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THE DRINK OF THE EMPIRE

If there is one country that is responsible for spreading the cultivation of tea outside of China, it is the UK. Until the 20th century, this nation was one of the colonial powers -and it used every ounce of its might to ensure that tea could be drunk by its subjects throughout the world Great Britain monopolised the tea trade with China from the end of the 17th century. The British East India Company controlled the trade in tea across oceans, buying it for silver from China before selling opium from Bengal to the Chinese and recouping the payment. The growing disillusionment of the British with Chinese trade restrictions led to this relationship breaking down in the mid-19th century, which resulted in the infamous Opium Wars. The British monopoly over the global tea trade ended in 1834, when other nations started making use of alternative sea routes to secure their own supplies. This prompted the British to encourage the cultivation of tea in other countries, notably Japan and Ceylon, in order to safeguard their supplies.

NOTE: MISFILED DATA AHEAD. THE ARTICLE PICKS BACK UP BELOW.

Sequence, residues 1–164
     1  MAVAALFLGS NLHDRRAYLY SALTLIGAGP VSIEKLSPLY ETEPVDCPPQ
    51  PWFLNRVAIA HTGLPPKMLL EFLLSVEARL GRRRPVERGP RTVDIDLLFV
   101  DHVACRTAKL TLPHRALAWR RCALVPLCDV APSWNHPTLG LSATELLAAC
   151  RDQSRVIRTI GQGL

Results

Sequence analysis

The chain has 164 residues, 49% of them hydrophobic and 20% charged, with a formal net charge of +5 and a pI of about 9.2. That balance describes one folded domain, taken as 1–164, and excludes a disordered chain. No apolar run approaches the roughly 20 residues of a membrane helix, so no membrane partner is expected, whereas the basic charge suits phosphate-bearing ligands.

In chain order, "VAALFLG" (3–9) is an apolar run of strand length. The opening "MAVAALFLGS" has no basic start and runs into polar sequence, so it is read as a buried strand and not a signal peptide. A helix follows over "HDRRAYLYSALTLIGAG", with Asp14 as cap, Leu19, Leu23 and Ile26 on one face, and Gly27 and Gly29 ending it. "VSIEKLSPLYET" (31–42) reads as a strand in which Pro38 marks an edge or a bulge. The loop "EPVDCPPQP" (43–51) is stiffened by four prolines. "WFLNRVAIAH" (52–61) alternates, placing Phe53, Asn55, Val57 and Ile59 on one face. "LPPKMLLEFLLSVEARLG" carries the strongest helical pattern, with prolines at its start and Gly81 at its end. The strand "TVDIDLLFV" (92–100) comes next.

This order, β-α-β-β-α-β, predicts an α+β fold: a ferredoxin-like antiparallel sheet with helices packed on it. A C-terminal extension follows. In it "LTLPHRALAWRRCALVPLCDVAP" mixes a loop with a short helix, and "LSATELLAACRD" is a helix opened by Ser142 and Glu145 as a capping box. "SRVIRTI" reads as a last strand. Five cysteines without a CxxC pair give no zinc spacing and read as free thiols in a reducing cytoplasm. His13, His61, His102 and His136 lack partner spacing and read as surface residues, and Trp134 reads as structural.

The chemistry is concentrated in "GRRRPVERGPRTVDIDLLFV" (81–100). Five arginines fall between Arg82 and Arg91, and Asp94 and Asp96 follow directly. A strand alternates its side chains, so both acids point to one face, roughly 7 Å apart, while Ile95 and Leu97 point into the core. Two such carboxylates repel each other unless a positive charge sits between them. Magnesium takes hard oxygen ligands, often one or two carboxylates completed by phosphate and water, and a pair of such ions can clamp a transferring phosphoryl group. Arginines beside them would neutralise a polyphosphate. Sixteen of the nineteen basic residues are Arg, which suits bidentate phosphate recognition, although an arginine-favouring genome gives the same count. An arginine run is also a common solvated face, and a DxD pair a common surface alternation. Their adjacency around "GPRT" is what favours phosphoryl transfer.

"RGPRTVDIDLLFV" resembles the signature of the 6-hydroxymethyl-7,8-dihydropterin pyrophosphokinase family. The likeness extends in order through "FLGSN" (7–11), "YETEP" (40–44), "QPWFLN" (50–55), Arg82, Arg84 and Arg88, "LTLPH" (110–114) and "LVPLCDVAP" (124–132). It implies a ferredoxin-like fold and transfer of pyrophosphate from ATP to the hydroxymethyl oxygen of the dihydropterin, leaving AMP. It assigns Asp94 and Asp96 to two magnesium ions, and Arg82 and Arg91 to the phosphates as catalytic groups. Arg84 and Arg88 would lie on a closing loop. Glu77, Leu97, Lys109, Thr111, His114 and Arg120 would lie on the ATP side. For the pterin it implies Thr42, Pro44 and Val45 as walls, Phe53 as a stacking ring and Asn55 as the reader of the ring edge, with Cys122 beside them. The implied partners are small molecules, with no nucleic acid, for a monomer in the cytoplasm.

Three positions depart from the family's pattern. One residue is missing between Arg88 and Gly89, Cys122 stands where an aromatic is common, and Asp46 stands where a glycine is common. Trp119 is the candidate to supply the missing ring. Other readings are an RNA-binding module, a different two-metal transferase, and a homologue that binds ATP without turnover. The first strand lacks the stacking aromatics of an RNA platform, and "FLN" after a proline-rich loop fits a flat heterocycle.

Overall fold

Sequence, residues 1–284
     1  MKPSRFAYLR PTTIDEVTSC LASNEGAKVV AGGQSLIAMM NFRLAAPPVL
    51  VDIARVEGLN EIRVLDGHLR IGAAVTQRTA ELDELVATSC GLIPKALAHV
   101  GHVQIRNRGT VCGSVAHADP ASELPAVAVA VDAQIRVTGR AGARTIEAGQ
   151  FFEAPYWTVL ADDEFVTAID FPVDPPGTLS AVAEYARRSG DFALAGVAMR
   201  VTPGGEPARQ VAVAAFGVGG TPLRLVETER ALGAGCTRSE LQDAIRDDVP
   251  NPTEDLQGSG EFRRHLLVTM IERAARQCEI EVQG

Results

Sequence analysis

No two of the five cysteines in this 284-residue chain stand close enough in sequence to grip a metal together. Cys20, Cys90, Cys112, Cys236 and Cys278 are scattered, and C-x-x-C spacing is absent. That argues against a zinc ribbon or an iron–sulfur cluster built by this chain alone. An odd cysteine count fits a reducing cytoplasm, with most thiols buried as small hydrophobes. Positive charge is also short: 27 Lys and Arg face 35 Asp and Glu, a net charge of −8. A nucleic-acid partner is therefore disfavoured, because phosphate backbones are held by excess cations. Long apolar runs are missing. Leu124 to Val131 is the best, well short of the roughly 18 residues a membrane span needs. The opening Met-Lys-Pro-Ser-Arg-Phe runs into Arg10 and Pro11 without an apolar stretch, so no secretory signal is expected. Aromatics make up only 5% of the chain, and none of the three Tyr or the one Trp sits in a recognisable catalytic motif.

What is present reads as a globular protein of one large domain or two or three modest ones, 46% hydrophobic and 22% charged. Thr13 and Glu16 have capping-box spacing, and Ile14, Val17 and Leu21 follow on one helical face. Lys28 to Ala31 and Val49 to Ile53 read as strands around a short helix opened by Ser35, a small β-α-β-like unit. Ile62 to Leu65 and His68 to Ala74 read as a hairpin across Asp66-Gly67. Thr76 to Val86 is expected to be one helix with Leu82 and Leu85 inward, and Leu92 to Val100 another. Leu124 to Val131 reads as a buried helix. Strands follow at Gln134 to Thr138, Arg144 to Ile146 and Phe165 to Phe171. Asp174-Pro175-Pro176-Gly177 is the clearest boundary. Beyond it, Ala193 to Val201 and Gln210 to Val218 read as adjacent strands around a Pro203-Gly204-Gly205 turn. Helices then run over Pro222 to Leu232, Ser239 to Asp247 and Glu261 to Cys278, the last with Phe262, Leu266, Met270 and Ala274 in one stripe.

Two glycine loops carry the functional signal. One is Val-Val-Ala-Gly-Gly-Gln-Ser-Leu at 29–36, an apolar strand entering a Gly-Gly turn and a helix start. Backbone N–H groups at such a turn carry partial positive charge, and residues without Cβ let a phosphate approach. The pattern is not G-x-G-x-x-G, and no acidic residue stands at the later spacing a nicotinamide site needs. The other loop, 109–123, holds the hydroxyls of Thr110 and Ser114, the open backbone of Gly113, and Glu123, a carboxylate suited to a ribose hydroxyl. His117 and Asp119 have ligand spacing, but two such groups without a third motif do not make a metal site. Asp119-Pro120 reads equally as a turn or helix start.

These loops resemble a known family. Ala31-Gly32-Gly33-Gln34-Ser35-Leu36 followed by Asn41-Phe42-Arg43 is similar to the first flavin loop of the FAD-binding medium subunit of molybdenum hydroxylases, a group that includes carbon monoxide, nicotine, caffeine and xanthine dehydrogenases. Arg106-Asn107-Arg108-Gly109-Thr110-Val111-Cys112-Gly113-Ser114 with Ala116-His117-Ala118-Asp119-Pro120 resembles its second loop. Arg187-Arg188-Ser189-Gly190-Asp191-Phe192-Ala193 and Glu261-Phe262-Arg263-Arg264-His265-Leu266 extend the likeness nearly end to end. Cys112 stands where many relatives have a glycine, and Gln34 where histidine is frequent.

Given its important role in the global tea industry, it is perhaps unsurprising that the drink plays such a central role in British life. Black teas are favoured in the country and are usually brewed so that are very strong, with dark colour that is supplemented by milk and sugar. English Breakfast Tea and Earl Grey are the two most popular varieties, and both tend to be consumed most often either from a generously proportioned mug or a delicate tea cup and saucer. For high tea, British people use fine china teaware. This remains a highlight of tea drinking in the UK, with high and afternoon tea being a staple of the country's food and beverage industry. Whether enthusiasts visit a top-class restaurant or attend a quaint cottage tea garden, they gain most enjoyment from the tipple when it is accompanied by a plate or two of delicious sweet and savoury treats like scones and cucumber sandwiches.